So are Obama and Trump both liars? False equivalency! Obama said something that he believed to be true when he said it, but it didn’t work out as he predicted it would. Trump told a giant whopper of a lie that had absolutely no basis in fact.

When someone can’t defend his position, he will restate the issue to something he can defend. Then he’ll knock down this “straw man.”

“You are against the death penalty. You want to set murderers loose to kill again.” (Now the argument is no longer about what punishment should be meted out for murder, but whether or not murders should be allowed to run amok in society.)

“You say atheists are as moral as anyone else. Stalin was an atheist and he killed millions of people.” (Now the argument is no longer about secular morality, but about a Russian dictator.)

When it is impossible to know the truth of a position, someone will claim that therefore his position must be treated as proven.

“You can’t prove how the universe came into existence, so God did it.”

In some cases, someone will claim that an argument that has even one unproven point means that the whole argument is false.

“You can’t prove how life first arose, so everything that has been proven about evolution is false, and God created the universe in six days just like it says in Genesis.”

This argument merely restates the premise in different words and then claims the second statement proves the first.

“Donald Trump is the best leader for America because he got elected. Getting elected proves he is the best leader.”

A person starts with a conclusion and then searches for facts to prove it. Facts should always precede a conclusion.

A person will say “This is how it has always been done.” Perhaps, but does that mean the usual way is the best way?

Sometimes a person will start with a false statement that he takes as a “given.” However, the initial premise is not always true, and if it is false, everything else that follows must be called into questions.

“The wealthy are the job creators, so we must cut their taxes and the wealth will trickle down to the middle class and working class.”

If the first part of the statement is false (as I believe it is), the rest of the statement has no validity.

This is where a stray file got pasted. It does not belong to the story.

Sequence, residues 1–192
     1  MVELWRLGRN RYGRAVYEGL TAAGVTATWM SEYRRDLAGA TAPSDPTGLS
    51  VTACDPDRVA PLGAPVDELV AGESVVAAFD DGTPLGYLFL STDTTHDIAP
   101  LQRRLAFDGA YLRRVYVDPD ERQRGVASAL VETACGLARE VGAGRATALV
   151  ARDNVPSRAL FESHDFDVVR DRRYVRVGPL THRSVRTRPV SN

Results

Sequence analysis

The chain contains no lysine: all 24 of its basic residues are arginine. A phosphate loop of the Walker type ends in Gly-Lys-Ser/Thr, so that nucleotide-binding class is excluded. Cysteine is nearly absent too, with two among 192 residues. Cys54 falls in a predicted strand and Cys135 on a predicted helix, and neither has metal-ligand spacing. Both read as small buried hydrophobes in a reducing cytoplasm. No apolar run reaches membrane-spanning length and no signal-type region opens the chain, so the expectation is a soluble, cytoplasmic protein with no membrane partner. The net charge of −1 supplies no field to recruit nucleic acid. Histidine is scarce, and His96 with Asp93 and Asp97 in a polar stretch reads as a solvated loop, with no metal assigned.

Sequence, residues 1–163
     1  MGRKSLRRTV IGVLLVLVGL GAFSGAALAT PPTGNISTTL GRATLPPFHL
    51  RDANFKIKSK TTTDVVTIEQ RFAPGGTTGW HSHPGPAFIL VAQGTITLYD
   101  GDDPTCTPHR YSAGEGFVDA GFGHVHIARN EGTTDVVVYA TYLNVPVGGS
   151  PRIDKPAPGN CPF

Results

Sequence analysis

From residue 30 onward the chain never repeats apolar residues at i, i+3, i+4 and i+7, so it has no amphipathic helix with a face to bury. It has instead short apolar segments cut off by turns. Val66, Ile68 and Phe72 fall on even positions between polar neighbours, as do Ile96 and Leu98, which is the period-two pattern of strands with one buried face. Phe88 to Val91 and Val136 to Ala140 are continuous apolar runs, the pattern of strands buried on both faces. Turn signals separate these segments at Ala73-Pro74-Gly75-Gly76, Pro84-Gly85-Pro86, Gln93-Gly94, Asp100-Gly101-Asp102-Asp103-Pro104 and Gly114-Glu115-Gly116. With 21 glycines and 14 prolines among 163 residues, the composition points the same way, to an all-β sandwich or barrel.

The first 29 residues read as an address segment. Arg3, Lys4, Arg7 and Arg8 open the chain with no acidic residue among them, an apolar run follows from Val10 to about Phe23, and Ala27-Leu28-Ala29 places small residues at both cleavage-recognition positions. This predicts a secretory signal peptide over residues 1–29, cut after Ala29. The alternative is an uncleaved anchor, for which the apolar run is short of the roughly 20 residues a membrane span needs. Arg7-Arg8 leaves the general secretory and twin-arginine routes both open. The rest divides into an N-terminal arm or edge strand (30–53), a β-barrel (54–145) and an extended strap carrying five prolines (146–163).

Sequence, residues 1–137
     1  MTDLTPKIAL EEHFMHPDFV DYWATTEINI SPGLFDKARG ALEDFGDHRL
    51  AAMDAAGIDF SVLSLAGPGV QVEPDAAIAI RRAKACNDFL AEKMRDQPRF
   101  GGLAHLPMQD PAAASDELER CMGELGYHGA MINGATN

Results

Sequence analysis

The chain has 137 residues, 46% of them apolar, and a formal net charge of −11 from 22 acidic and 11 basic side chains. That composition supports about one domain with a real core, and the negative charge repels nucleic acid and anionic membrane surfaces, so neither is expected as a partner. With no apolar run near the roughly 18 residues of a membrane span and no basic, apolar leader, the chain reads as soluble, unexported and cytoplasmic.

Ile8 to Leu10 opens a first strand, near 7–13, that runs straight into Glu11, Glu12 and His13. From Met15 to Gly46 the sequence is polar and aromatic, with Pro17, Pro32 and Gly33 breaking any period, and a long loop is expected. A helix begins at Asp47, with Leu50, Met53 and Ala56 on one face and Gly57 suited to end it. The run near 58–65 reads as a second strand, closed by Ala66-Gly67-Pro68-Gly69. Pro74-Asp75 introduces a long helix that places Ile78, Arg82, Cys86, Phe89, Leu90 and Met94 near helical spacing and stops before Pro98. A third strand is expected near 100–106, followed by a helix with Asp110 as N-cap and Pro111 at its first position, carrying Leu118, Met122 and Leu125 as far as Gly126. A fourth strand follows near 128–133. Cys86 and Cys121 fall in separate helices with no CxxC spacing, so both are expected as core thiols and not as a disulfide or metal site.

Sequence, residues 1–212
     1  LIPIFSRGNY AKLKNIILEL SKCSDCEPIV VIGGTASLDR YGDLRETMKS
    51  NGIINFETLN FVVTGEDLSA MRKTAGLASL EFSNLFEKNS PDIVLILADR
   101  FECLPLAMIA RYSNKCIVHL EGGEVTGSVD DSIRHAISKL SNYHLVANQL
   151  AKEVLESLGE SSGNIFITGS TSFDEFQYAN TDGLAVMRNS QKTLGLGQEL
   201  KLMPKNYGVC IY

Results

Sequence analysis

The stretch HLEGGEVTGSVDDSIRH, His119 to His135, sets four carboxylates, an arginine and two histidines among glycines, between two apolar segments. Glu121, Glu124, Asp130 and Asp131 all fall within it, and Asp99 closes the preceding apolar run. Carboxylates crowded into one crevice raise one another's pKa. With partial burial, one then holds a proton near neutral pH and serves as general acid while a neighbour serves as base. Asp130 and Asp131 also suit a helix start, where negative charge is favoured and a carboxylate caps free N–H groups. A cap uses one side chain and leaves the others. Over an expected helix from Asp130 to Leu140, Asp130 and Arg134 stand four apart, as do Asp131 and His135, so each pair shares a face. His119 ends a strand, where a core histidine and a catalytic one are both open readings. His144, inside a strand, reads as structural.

Lastly, here are some tricks an opponent might use when he has absolutely no way to defend his positions.

The Non-Sequitur

This is from Latin and it means “does not follow. “ Usually when you ask a politician or his surrogate a question, you don’t get a straight answer. He dances around the topic.

Q. “Do you support the Trump-Ryan health care bill?”

A: “I tell you what I support. I support freedom. Every American should be able to have health care of his choice. Blah blah blah.”

The questioner never gets a direct answer to a simple question.

The Red Herring Defense

Politicians love to use this one. They just pivot to an unrelated topic; they don’t even bother to dance around the original topic.

Q: “Is ending poverty in America important?”

A: “I’ll tell you what is important. Ending terrorism. Blah, blah blah.”

Kelly Ann Conway, Trump’s campaign manager and now one of his White House advisers, is the master of this one.


This is the act of taking a complex question and reducing it to very simple terms, sometimes down to a slogan.

Q. “What do we need to do to bring economic gains to everyone?”

A: “We need to make America great again.”

The Affective Defense

This one is like a punch to the gut. It is intended to make you feel like you are a terrible person.

“I have every right to my beliefs. You need to respect my beliefs.”

This person is attempting to conflate a reasoned refutation of a position with a personal attack.

The Get-Over-It Defense

If you try to argue about something, you are essentially dismissed and told to stop being a “cry-baby.” The reasons you hoped to give for your point of view won’t even be heard.

Q. “Will the election of Donald Trump have dire consequences for the United States.”

A. “Trump won. Democrats lost. Get over it.”

You will frequently see what I call “the song and dance.” I see it a lot when politicians and political surrogates are being interviewed on TV.

They will talk very fast, bring up multiple topics, and use every logical fallacy and defense they can manage to throw in. The interviewer is overwhelmed. He can’t respond to everything, and consequently a lot of false information remains unchallenged.